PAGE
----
(Editor’s note: This is an opinion column from guest writers John and Gisele Fetterman. John is the mayor of Braddock, Pa., and a former candidate for Senate. Gisele is a nutrition activist and founder of 412 Food Rescue.)
The term “regressive” is being thrown around a lot in Philadelphia’s soda tax debate. It really shouldn’t be. You see, regressive policies are those that hurt the poor and make the steep climb out of poverty all the more difficult. The soda tax is just the opposite. By funding universal pre-K, it will help eliminate educational disparities and provide a pathway out of poverty for thousands of children.
This issue is personal for us. One of us grew up in an immigrant family struggling to escape poverty, and the other is mayor of Braddock, Pennsylvania, which has been mired in it for decades. We’ve devoted most of our adult lives to fighting inequality and believe that every child deserves to start out with a basic equal footing in life.
Frankly, anyone who would label the soda tax regressive doesn’t understand poverty, and has likely never had to overcome those kinds of policies personally. The only logical explanation for how the soda tax came to be labeled “regressive” is that it was pushed by the powerful soda industry. While that label provides convenient cover for elected officials who would rather not vote against the billion-dollar industry, it fails even the most basic test of accuracy. It’s true that low-income individuals currently drink more soda than higher income individuals. But will they continue to buy it at the same rate if the price goes up due to a soda tax? No.
You don’t have to have a Ph.D. to understand that if the price of a non-essential product goes up, those with limited income are most likely to avoid it. The soda tax can’t be a tax on the poor if the poor aren’t buying soda. That basic logic is substantiated by research completed at the University of North Carolina on Mexico’s soda tax, which found that rates of soda consumption declined fastest among low-income individuals after the tax was imposed.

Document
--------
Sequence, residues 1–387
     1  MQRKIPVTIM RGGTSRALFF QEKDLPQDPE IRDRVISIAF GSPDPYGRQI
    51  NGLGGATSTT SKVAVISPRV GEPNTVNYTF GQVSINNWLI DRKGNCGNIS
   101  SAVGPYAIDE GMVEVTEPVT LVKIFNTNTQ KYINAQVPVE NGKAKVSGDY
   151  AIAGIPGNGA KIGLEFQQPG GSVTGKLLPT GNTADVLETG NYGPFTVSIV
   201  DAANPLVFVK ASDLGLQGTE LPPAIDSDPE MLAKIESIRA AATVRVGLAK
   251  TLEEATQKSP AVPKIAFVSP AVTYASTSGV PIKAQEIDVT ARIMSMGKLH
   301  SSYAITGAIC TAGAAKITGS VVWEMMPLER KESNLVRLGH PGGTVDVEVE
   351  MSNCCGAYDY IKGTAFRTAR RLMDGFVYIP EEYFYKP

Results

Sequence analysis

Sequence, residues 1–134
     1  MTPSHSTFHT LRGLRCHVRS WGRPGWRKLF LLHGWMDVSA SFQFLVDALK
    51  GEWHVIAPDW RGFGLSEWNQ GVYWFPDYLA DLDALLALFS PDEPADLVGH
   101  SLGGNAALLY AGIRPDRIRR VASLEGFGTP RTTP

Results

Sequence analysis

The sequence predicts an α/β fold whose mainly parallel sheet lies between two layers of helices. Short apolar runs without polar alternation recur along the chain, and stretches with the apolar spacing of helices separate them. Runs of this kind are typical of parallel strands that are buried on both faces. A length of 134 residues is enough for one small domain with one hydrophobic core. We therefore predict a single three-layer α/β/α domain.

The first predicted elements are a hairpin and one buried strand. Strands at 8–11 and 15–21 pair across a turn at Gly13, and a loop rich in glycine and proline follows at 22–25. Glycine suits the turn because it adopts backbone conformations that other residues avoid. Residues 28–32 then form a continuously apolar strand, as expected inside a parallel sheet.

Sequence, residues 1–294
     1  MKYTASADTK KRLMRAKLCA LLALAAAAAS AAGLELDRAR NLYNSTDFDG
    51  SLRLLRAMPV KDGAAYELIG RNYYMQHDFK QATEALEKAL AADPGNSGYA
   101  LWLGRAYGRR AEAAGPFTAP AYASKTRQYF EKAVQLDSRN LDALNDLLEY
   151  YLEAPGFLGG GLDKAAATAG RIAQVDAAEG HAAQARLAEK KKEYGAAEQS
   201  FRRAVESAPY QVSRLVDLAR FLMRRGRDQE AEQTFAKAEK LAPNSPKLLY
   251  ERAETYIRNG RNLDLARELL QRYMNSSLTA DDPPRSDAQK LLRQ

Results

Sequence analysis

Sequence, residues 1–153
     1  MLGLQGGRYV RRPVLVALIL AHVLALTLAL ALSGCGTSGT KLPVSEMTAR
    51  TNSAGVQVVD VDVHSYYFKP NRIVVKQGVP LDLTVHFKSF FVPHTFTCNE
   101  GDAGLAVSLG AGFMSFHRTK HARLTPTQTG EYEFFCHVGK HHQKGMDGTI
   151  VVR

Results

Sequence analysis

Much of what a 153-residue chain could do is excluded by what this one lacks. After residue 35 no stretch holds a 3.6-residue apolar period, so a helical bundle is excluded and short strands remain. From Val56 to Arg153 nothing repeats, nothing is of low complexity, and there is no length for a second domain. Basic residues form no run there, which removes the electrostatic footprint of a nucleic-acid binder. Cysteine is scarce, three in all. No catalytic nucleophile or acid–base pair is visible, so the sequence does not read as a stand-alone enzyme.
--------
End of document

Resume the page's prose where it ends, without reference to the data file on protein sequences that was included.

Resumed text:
So the impact of a soda tax on the poor isn’t so simple. But what is clear is the overwhelmingly positive impact of what the soda tax would fund: universal pre-k, community schools, improved parks, rec centers and libraries — programs that are proven to help children and families break the cycle of generational poverty.
We don’t like to admit it in this country, but a child’s opportunities in life are largely determined by the family he or she was born into. That has to change. This shouldn’t be a matter of ideology: Every child deserves to start out on a basic equal footing in terms of how they transition to the rest of their academic life. The only reason quality pre-K isn’t in every urban center in America is because quality costs money. And with Pennsylvania’s uniformity clause, the soda tax is one of the few ways to raise the necessary revenue. There’s nothing regressive about that.
What would be regressive is if the city of Philadelphia taxed a product that low-income individuals couldn’t avoid buying. The container tax, which was proposed as an alternative to the soda tax by — surprise — millionaire soda distributor Harold Honickman, would increase the price of water and health supplements. Does increasing the price of these necessities eat up a greater percentage of their income than for middle-income or affluent Philadelphians? You bet.
A container tax would also sacrifice all the potential health benefits of a soda tax. One Harvard study found that instituting a soda tax in Philadelphia would save $197 million in health care costs, lead to 36,000 fewer cases of obesity, result in 2,280 fewer cases of diabetes each year, and prevent 730 deaths by 2025. Under a container tax, not only would these health benefits disappear, but the consumption of sugary drinks may actually increase as the beverage industry could reduce its tax liability by marketing larger bottles.
No matter how you look at it, the soda tax is the right choice for Philadelphia. It funds essential anti-poverty programs without forcing a single low-income individual to pay it, while encouraging a healthier diet for everyone. That’s why hearing the soda industry and their allies attack the soda tax out of a supposed concern for the poor seems more than a little disingenuous. They are trying to cloud the issue and make the debate about taxes. It’s not. This is about making kids healthier and giving every child a legitimate chance to learn and succeed.